Knot-tying is one of those skills that never go out of fashion—especially for outdoorspeople, but really for anyone who wants to become more resourceful on the off-chance they find themselves in dire straits. If your experience in the art up till now has been restricted to tying shoelaces and the occasional in-a-pinch overhand knot, knots can seem a difficult, even esoteric challenge. But while there are many kinds of knots better- or worse-suited for all sorts of situations, you actually can get by fine for most everyday applications learning just a handful.
The following are some of the basic, tried-and-true knots with a whole lot of value on a camping, backpacking, or river trip. That includes in practical matters such as setting up a tent or “lining” a kayak through risky rapids as well as all-out survival situations, such as hastening to erect an emergency shelter in the teeth of a dangerous storm or trying to hoist an injured companion up or down a cliff face.
In this blog post, we’ll simply be introducing these standout knots and some of their important uses; follow the links provided to pages with step-by-step details and good illustrations on how to actually tie them. (A picture's really worth a thousand words when it comes to demonstrating knot-tying.)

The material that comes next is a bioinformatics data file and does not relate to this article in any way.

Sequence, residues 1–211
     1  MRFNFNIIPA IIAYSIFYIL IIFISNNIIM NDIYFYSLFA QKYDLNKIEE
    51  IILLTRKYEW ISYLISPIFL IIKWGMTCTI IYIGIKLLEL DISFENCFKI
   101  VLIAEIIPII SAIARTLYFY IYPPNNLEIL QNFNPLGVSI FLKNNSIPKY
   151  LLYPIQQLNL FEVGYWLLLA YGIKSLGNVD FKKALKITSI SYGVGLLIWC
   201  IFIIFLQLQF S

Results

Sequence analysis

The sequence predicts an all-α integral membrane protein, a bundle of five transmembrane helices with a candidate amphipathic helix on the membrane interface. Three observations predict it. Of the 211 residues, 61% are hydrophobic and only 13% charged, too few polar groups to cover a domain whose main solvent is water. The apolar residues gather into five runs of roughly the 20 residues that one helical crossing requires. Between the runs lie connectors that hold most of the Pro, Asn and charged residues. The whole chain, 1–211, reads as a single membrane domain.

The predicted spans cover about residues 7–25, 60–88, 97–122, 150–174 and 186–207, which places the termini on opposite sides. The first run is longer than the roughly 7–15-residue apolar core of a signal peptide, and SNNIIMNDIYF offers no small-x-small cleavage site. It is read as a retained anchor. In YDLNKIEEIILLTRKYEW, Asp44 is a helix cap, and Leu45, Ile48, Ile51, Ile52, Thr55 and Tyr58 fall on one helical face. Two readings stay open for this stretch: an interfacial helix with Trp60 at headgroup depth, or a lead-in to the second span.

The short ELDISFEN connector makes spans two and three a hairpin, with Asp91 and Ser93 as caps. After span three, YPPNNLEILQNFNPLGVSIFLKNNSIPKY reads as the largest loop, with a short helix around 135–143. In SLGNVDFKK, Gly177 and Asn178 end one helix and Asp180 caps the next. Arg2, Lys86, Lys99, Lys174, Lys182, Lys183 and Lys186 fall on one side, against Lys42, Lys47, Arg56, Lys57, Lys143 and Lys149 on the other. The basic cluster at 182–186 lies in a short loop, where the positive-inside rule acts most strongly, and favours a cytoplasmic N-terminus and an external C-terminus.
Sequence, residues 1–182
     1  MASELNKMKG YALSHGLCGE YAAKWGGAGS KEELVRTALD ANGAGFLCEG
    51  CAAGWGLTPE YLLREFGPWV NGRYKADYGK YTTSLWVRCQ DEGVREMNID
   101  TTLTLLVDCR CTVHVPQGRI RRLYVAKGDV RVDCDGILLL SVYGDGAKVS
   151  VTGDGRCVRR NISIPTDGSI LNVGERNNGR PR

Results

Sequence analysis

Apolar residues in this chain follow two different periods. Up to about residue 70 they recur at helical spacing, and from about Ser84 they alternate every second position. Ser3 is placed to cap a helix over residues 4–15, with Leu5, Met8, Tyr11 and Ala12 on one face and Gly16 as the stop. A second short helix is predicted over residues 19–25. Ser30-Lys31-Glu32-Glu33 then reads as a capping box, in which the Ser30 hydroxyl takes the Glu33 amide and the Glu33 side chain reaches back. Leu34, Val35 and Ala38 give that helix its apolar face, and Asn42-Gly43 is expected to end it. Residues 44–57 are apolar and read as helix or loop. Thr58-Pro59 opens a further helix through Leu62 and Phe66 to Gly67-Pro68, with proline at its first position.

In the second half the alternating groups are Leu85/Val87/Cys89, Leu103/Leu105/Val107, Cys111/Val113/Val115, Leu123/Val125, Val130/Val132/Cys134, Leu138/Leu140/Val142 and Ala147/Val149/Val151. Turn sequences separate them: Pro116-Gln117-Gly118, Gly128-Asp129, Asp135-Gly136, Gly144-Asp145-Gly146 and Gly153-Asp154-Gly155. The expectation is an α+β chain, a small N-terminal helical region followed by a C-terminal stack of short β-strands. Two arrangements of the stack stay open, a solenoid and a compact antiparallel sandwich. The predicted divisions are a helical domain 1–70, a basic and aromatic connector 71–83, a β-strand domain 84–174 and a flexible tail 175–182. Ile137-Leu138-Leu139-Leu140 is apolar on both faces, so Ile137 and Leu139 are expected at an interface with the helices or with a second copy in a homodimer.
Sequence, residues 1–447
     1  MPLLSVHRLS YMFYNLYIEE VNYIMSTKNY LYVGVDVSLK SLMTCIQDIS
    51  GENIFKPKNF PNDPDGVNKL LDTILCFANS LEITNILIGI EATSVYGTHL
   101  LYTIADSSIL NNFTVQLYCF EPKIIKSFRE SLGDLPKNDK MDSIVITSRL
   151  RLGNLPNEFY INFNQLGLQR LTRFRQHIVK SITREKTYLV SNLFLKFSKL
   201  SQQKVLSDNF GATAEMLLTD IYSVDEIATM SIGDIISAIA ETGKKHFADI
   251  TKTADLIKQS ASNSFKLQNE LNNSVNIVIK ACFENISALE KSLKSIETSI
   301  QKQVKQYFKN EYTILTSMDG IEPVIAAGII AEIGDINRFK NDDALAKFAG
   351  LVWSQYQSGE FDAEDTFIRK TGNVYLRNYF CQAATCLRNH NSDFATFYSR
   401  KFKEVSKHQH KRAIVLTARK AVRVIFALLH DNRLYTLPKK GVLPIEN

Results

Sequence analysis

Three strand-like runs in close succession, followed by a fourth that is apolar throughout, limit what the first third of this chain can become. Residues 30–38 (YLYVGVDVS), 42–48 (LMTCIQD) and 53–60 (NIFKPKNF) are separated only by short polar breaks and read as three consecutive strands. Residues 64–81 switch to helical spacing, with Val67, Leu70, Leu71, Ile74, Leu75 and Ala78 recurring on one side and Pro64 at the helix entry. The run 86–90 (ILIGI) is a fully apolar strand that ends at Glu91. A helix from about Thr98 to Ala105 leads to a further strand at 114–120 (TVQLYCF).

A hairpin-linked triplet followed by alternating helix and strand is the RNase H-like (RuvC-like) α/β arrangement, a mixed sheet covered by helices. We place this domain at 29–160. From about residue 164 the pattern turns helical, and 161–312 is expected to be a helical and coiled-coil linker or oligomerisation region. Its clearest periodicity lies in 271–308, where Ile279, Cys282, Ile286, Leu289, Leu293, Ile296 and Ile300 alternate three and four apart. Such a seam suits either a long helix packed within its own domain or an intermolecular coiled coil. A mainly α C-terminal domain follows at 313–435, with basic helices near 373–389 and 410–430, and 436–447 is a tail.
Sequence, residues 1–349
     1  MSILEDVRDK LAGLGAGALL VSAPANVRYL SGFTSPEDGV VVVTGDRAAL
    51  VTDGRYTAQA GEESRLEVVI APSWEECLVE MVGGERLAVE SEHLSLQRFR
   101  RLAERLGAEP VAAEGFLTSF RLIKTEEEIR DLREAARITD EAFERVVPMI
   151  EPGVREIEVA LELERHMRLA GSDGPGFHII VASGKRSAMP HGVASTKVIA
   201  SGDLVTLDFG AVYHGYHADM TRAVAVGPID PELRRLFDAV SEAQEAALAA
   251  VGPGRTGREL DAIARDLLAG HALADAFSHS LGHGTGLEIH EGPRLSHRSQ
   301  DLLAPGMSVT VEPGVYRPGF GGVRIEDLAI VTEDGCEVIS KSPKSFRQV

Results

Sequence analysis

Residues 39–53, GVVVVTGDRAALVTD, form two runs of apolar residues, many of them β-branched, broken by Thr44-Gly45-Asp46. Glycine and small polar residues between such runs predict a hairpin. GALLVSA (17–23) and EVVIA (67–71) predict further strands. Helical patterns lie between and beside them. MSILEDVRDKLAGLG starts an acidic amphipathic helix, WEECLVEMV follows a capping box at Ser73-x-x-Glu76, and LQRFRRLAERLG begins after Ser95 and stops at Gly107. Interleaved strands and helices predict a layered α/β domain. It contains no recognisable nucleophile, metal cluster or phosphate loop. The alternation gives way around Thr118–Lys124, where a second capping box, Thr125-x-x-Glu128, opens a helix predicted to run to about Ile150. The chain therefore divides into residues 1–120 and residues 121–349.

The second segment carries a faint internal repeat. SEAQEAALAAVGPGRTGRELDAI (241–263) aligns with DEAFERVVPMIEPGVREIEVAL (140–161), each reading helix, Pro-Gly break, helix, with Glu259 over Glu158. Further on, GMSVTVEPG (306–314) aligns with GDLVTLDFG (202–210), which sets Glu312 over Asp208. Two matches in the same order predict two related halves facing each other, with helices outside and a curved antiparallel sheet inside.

The Clove Hitch—also called the Double Half Hitch—certainly ranks among the most versatile knots. A hitch refers to a knot that attaches a rope to another object. The Clove Hitch is a handy way to tie an anchor to the middle of a line and to tie something down to a post or stake with the ability to easily adjust the tension. It’s a classic knot for securing guylines, and thus useful to know for both everyday tent or tarp setup and the quick assembly of an emergency shelter when the elements are bearing down on you.
The Clove Hitch has many applications for climbers—attaching oneself to an anchored carabiner, passing an object along a length of rope—and can tie up a boat in quick fashion. But it can slip under load and when pressure on it shifts direction, so it’s more of a temporary or quick-fix option in these cases: not a knot to absolutely depend on.